Dr Gindo Tampubolon

Lecturer in Poverty

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Research interests

Specific research interests:

  • The combined impact of dementia, age-related hearing and vision impairment is the focus of an ambitious European research project, SENSE-Cog: Promoting health for eyes, ears and mind, led by the University of Manchester.
  • Neighbourhood and dementia. Keady: PI; Burns, Challis, Davies, Leroi, Nazroo, Pendleton, Reeves, Reilly, Swarbrick, Tampubolon, Taylor, Young: Co-PIs. £4.8m. Funded by the National Institute of Health Research. 
  • Inequalities in later life, frailty and wellbeing: an interdisciplinary approach to causality. (James Nazroo: PI; Burns, Chandola, Goodacre, Horan, Pendleton, Tampubolon, Wu: Co-PIs. £2.4m. Funded by the Medical Research Council.

Genome-wide association studies (GWAS) of depression, cognition and frailty in older adults using the US Health and Retirement Survey and the English Longitudinal Study of Ageing.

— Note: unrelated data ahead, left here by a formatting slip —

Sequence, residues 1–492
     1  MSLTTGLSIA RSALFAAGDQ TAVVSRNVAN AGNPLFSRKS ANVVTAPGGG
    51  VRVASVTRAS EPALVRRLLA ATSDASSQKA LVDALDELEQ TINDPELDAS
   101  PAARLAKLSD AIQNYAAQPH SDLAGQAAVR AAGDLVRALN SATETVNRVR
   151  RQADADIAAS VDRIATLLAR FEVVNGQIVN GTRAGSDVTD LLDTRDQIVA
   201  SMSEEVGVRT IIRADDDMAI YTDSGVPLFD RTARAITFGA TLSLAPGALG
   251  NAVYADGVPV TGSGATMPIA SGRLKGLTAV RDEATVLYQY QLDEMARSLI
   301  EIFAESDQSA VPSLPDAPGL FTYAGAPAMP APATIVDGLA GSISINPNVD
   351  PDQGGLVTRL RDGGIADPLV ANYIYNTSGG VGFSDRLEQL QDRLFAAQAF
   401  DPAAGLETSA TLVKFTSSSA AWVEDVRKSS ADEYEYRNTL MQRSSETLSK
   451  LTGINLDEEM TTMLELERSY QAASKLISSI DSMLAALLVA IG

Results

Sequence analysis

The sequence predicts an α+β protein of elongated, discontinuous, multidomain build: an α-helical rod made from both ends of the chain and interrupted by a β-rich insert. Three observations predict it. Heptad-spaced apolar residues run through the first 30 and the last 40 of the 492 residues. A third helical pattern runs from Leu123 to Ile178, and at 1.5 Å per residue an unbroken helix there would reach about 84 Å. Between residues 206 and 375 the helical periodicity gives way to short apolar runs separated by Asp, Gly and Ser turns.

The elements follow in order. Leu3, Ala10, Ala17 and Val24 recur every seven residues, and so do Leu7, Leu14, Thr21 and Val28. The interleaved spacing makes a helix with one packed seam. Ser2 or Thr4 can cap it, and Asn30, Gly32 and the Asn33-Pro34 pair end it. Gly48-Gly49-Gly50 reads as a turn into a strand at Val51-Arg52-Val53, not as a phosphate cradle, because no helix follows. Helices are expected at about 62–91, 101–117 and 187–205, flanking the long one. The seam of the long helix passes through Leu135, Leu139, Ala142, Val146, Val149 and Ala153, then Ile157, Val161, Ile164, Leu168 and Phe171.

My main work is on health inequalities and understanding causal processes that lead to such inequalities. This is funded by the MRC for 5 years and will analyse data from major industrial countries while focusing on England. We work on the English Longitudinal Study of Ageing, and its counterparts in the U.S., Europe and Australia.

Previous works were broadly in the area of social change. First, I have an ESRC grant [Tampubolon: PI, Mike Savage: Co-PI] to investigate social mobility in Britain over the last quarter of the century using latent growth models. This involves modelling dynamics of inter and intra-generational social class mobility. Additionally, there is an element of inter-cohort as well due to my use of two British cohorts: the National Child Development Study 1958 and the British Cohort Study 1970.

Another extension to standard social mobility study, besides investigating mobility intra-generationally, is to include factors prior to labour market entry which is done within a life course perspective.

Another area of my work draws ideas from the social network analysis. This has been fruitfully applied in the investigation of knowledge growth in some clinical innovations over the last 30 years. I intend to keep working on this separate area of innovation.